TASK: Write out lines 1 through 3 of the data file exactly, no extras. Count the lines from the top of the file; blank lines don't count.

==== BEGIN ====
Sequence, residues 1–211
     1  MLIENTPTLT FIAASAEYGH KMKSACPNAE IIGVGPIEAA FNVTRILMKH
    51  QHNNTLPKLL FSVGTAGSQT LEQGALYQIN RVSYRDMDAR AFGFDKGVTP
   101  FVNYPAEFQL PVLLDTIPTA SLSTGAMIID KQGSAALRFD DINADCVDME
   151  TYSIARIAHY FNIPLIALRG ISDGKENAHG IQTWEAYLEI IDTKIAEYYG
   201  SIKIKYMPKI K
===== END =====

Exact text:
Sequence, residues 1–211
     1  MLIENTPTLT FIAASAEYGH KMKSACPNAE IIGVGPIEAA FNVTRILMKH
    51  QHNNTLPKLL FSVGTAGSQT LEQGALYQIN RVSYRDMDAR AFGFDKGVTP